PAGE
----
January 8, 2006

Twenty-Fifth Airport Vistited

schaumburg.jpgOn Saturday I took my first step towards my goal of spending more time behind the yoke than I did in 2004. As part of my goal, I decided I need to find an airport and FBO that I will fly from on a regular basis. After having flown at Midway and Palwaukee, two nearby towered fields, I decided to check out Northwest Aviation based at Schaumburg Regional.

Northwest Aviation has a wide variety of planes in their fleet ranging from the newer Diamond products to the more traditional Pipers and Cessnas. I scheduled time in a Cessna 172. Schaumburg is a busy single-strip airport just miles from Chicago's O'Hare Airport. I was originally worried about how the weather would be for the flight since Chicago had not seen the sun in 2006. I was pleasantly surprised to see the sun and blue sky when I went outside early Saturday morning. Unfortunately, by early afternoon when I had scheduled my flight the clouds had returned and the ceiling was little more than 3,000 feet.

We departed on runway 29 and departed to the west. Due to Schaumburg's proximity to O'Hare almost all departures head west initially to get out from under the first shelf of the O'Hare airspace which limits you to flying below 1,900 feet. Once clear of the airspace restriction I climbed up to about 2,500 and realized I could not go much higher due to the cloud cover above. Since there was no sign the weather would improve and the chance that it could get worse was good, we turned back towards the airport. But we decided to do a few landings at Dupage Airport first. The Dupage Automatic Terminal Information Service (ATIS) weather was stating winds that were coming straight down runway 20. On short final it was obvious the winds had changed to be a steady crosswind. I made two less than perfect crosswind landings at Dupage before we decided to return to Schaumburg.

The flight from Schaumburg including the landings at Dupage represented the 24th and 25th unique airports I have visited and have updated my google map of airports I have visited. I look forward to scheduling some cross country flights in the not to distant future where I can continue to add some new airports to the tally. It was fun to get back out to the airport and get a flight in. Unfortunately, I did not get to enjoy a meal at Schaumburg's Pilot Pete's which is supposedly one of the best airport restaurants in the area.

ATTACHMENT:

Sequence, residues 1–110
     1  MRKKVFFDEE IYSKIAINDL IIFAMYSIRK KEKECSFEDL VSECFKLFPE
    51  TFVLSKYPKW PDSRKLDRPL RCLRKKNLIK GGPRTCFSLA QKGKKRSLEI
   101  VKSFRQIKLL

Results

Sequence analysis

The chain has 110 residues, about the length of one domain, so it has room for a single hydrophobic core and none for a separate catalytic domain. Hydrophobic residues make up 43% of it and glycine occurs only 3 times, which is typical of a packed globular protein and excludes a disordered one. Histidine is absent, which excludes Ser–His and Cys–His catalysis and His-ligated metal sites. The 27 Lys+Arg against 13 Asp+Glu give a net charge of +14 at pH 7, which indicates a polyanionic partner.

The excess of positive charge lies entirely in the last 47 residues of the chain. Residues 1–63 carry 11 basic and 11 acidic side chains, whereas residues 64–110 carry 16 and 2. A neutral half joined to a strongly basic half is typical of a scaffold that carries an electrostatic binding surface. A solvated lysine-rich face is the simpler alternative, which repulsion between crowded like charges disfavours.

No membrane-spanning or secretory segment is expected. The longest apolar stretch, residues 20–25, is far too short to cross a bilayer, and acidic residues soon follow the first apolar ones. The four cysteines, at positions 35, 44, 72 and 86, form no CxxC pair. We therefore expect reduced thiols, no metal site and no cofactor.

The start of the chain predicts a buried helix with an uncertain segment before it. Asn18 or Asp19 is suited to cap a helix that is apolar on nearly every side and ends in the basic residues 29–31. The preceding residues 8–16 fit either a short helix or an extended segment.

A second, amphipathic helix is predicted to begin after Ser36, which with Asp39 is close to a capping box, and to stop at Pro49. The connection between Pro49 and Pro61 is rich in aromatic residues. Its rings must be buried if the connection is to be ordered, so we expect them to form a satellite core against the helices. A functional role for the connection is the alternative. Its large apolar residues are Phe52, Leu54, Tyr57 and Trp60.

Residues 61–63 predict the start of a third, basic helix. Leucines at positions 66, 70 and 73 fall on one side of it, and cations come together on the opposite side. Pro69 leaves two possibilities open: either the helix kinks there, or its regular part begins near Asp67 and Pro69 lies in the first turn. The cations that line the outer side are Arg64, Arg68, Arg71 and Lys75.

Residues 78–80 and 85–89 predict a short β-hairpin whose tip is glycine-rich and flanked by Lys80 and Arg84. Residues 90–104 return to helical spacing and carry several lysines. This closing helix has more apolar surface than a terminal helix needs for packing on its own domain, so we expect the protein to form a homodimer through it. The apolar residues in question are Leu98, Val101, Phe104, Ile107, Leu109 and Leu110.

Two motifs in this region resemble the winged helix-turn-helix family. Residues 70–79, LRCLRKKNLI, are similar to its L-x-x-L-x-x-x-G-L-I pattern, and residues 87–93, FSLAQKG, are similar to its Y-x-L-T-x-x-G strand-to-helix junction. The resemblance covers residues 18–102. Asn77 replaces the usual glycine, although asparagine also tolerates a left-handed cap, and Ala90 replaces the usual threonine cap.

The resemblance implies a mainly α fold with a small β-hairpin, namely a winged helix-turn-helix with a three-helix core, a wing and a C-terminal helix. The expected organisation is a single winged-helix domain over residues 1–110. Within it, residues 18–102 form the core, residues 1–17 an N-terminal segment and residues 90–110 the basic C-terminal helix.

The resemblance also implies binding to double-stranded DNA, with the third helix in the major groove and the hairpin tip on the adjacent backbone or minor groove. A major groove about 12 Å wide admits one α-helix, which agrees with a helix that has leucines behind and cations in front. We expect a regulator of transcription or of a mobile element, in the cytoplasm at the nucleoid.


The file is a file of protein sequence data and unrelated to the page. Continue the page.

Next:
After the flight I am not sure that I am any closer to selecting an airport or FBO. I enjoyed my experience with both Northwest Aviation and the Schaumburg airport but it is a bit of a hike for me to get to from downtown Chicago. I think I will select from the three airports and FBOs I have flown from thus far: Midway, Palwaukee and Schaumburg. But before I make a decision and commit to a flying club and FBO I may need to make a few more flights and weigh out the pros and cons of each based on convenience, costs, types of airports, planes available, atmosphere, etc. I will keep you posted.

Posted by at January 8, 2006 1:12 PM
Comments

I'm looking forward to reading about your next 25 airports visited!!

Posted by: CJ at January 13, 2006 5:40 PM

I live downtown (Chicago) and got my VFR ticket 6 years ago. At the time, I wanted to learn to fly as close to home as possible. Meigs was the closest airport. Daley did not allow Meigs users to rent hangar space, or sign a lease on the pad for more than one day (no monthly rentals). The one flight club that was based there did not have the fleet size and quality that I was interested in, so I went to the next closest airport, KMDW. I stayed there thru my private and for about 2 years after that. It was a great place to learn how to fly, especially for radio skills (but no pattern work allowed). It was always fun to land on 31L while a 737 or 757 was coming down or departing 31C. Anyway, the city took over alot of the space that was reserved for GA parking, planes had to be moved elsewhere and businesses suffered. When the fleet of my club lessened in quanity and quality, I decided it was time for a move.

A very close family friend (who introduced me to his C-210 25 years ago) was keeping his plane @ Palwaukee even though he lives downtown. He recommended that I check out the flight club that he uses for currency and training, and I am very glad that I did. I have been a member of Windy City Flyers for 3 years, and will be for many more. Windy City has the largest fleet in Chicago (23 planes, i think) with everything from C-172SP, Cirrus, Diamond Star, all the way up to a pressurized twin. They maintain their fleet with excellence, and have very tight operating procedures for rental pilots and CFI's.

The members section of the WCF website has checklists, weight and balances, currency info, aircraft and CFI schedules, etc.

Flying out of PWK is a great experience in itself.

The airport owners (Prospect Heights & Wheeling) regularly re-invest in the infrastructure, including a new taxiway and new, wider runway 30 since I've been there. The guys and gals in the tower are some of the best i've come across. They handle pilots in heavy metal (G-550, Citation 10, etc) and student pilots in trainers.

There are 6 runways, and one ILS at PWK.

I highly recommend Palwaukee, and especially Windy City Flyers (www.windycityflyers.com)

Feel free to email me with questions.

-Josh

p.s. great site (yours!)

Posted by: Josh L at February 18, 2006 10:46 PM

Bravo to you for following your dreams

Posted by: Heather at February 28, 2006 7:23 AM